The unpredictability of my illness causes me a lot of stress. It makes me feel like I have no control over my health and my future. Quite often, I have felt like I cannot handle another setback. Being patient in the face of an uncertain timeline for my recovery is one of my main challenges. I often feel stuck while the world is moving past me. In thinking this way, I make myself small and passive. However, when I reflect on the number of setbacks I have endured so far, I cannot help but feel proud of myself.Rather than worrying about all of the factors that are outside of my control, I am working on focusing on the things that I can do to put my body in the best possible situation to recover.
This includes taking my medication, having a regular and healthy rhythm of sleeping and eating, and reaching out for help when I need it. Most importantly, I have to try to accept that even when circumstances are perfect and I am able to maintain healthy habits, I may not recover at the pace that I want. I am working on accepting the uncertainty and letting go of the self-imposed pressure to get better faster. I try to stay in the present, focusing on enjoying the positive aspects of the life I have right now. I haven’t fully gotten a grasp on this yet – but I’m working on it.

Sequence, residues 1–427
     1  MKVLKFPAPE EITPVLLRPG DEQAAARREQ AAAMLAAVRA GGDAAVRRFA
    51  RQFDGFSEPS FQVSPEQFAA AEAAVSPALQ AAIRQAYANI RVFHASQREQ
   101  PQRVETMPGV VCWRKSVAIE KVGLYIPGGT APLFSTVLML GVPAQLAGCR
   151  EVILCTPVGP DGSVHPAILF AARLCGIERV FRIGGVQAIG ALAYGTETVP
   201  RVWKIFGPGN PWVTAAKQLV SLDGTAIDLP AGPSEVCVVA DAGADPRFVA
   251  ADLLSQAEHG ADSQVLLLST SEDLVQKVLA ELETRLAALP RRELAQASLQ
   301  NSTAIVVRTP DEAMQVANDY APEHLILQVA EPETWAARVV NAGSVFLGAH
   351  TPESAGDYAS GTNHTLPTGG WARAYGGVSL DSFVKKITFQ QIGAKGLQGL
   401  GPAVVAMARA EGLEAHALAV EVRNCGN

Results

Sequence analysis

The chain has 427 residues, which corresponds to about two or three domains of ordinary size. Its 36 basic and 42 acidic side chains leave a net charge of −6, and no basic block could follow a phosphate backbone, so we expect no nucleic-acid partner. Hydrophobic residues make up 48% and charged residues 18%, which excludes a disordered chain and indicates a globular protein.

“It’s a challenge to mindfully walk that middle path between being proactive about your health – always trying to improve it – but at the same time, accepting the way you are so that you can make the best of each day”
I try to live by these lessons every day. Most days it is still a struggle. But I have gotten stronger and try to celebrate the little victories in my ongoing recovery. Writing this blog – which has helped me recognize the progress I have made but is also terrifying – is one such victory.
 Toni Bernhard (2015), How to Live Well with Chronic Pain and Illness, p. 325